A fledgling union beat the e-commerce giant's deep pockets.
Warehouse workers in Staten Island, New York, voted last week to join the new Amazon Labor Union, a stunning rebuff to the e-commerce giant that will almost assuredly alter the dynamics between employee and employer.
The vote, which was tallied at 2,654 to 2,131, was an expression of employee dissatisfaction with Amazon, where higher wages, health insurance and tuition reimbursement haven't been able to stem a torrent of complaints about its punishing pace of work. The success at the huge facility will likely encourage labor organizers to attempt unionizing other Amazon warehouses across the country.
Already, another Staten Island warehouse is in the throes of a union push. Amazonians United, a workers group, has made direct demands for raises and paid time off on behalf of workers, and a group at a Seattle Amazon Fresh store has declared itself a union and made similar demands of the company.
"This is the first step. It is a historic moment," the Amazon Labor Union said in a statement. "And it is just the first of many."
The steady cadence of labor activity at Amazon underscores the growing power of workers in an economy in which almost no employer can find enough people to work. Two years of pandemic have prompted workers to reevaluate their lives, with many opting to change jobs or retire. The phenomenon has become so widespread that it's known as the Great Resignation.
Amazon said in February it fell short of its goal of hiring 150,000 seasonal workers over the winter holidays and found itself paying high rates of overtime wages to make up for staffing shortfalls. The company attributed the problem in part to the omicron variant of the coronavirus, but also projected increasing labor costs as it works to staff an expanding network of warehouses.
In addition to tempting workers with better benefits, Amazon actively worked to dissuade workers from joining the union, requiring them to attend meetings at which representatives tried to convince them to vote no in their elections. They also sent messages to workers phones and put signs up around the facilities.
The victory marked a reversal from last year, when Amazon workers in Alabama rejected joining the Retail, Wholesale and Department Store Union by a large margin. The company reportedly spent $4.3 million on anti-union consultants that year. It's unclear how much money the company has spent this year.
In trying to prevent unions from taking hold, Amazon has emphasized that union representatives would constitute a barrier to direct worker communication with Amazon managers and executives. Unions, the company has argued, bring in an unneeded third party to the relationship.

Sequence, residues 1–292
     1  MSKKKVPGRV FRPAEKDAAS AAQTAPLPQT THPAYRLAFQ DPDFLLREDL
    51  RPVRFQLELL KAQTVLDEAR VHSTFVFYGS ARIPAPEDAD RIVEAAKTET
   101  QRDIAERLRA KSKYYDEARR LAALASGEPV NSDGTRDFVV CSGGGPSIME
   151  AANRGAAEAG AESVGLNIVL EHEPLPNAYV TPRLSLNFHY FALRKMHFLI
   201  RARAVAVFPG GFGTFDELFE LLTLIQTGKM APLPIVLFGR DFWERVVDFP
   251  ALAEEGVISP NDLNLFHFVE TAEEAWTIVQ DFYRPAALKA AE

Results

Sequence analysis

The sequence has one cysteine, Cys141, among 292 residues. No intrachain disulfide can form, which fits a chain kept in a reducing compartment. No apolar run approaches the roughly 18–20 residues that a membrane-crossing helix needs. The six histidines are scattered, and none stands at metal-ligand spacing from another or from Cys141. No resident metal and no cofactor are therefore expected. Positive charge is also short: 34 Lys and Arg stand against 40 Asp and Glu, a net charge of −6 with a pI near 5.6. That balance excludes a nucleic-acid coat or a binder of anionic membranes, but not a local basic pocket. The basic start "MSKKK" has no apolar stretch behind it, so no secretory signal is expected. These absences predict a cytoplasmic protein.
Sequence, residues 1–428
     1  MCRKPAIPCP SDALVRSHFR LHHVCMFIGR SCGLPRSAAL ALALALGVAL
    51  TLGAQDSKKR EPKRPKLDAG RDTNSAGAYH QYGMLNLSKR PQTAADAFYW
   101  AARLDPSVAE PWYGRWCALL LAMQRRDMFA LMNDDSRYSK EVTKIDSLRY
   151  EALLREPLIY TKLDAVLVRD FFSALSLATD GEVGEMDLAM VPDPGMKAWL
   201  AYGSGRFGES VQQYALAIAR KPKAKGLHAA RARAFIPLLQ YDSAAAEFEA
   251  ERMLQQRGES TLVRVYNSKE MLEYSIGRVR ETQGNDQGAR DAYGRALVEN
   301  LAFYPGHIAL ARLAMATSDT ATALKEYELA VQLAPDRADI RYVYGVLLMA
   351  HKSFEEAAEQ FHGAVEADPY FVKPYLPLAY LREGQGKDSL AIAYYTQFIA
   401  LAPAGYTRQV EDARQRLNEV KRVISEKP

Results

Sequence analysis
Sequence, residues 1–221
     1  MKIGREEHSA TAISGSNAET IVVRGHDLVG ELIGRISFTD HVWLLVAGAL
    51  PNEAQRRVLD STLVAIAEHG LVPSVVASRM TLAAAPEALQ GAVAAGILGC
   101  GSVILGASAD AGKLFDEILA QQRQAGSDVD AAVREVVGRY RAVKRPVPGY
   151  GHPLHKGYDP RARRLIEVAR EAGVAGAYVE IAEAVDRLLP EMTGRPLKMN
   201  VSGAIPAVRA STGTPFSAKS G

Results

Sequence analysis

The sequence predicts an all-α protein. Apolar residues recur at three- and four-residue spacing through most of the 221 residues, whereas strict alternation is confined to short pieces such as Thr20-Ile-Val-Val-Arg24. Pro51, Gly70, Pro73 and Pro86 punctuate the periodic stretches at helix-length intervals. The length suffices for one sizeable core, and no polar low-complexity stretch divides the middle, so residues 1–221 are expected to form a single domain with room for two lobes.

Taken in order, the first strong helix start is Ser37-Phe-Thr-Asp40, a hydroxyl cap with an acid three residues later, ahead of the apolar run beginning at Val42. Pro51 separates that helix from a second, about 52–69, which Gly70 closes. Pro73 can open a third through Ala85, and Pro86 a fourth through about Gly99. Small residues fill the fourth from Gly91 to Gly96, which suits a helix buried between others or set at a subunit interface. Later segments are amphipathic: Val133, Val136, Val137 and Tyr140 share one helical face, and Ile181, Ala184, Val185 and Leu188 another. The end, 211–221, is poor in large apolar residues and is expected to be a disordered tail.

Amazon Labor Union was created by current and former workers, and isn't affiliated with larger, established unions. It says it has no plans to turn over its operations to an established union, but does plan to launch nationwide organizing and training soon.
The ALU tossed out the standard union playbook and made mistakes along the way. In a rookie error, the group filed a petition to the National Labor Relations Board, the federal agency charged with running union elections and enforcing labor law, without the required number of signatures. The NLRB rejected the petition.
A second petition met the legal threshold of 30% of workers, but still fell short of the more-than-50% threshold unions typically try to achieve ahead of a vote. Unions try to line up votes in advance with the expectation some workers will change their minds before the vote takes place.
Labor experts estimated that the ALU likely hadn't built up enough support to win the election. But the union organizers reckoned that trying to get 50% would have been a waste of resources because employee turnover is over 100% at Amazon warehouses, says Connor Spence, the ALU's vice president of membership.
"By the time we had those numbers, so many people would have left that we would have been close to 30% anyway," he said. With an election on the books quickly, it was more likely the people who originally supported the union would be around to vote.
Geography may also have contributed to the union's success, says Michael Pachter, an analyst with WedBush. Workers in dense urban areas like Los Angeles, New York and San Francisco have more options for getting well-paying jobs, he says, meaning they're less afraid to push back on working conditions or fear losing their jobs.
"I expect the union wave to spread to those places and other high wage markets," Pachter said.
Workers at another Amazon warehouse in Staten Island will vote at the end of April on whether to join ALU, requiring organizers to campaign all over again. Whether the union represents one warehouse or two, it will have a big challenge in negotiating a contract for workers, says Kirthi Kalyanan, director of the Retail Management Institute at Santa Clara University.
"They have to deliver," he said, "and everyone will be waiting on the sidelines to see how this will evolve."
Having failed to convince enough workers to vote no, Amazon appears poised to take on the federal agency that runs union elections to reverse the outcome. In a statement last week, Amazon said it would consider filing an objection to the election based on what it called the "inappropriate and undue influence" of the NLRB.
The company is questioning an agency order made in the days before the election that required Amazon to reinstate a fired Staten Island warehouse worker who was involved in union organizing.
The NLRB responded by saying its actions have been consistent with its mandate from Congress.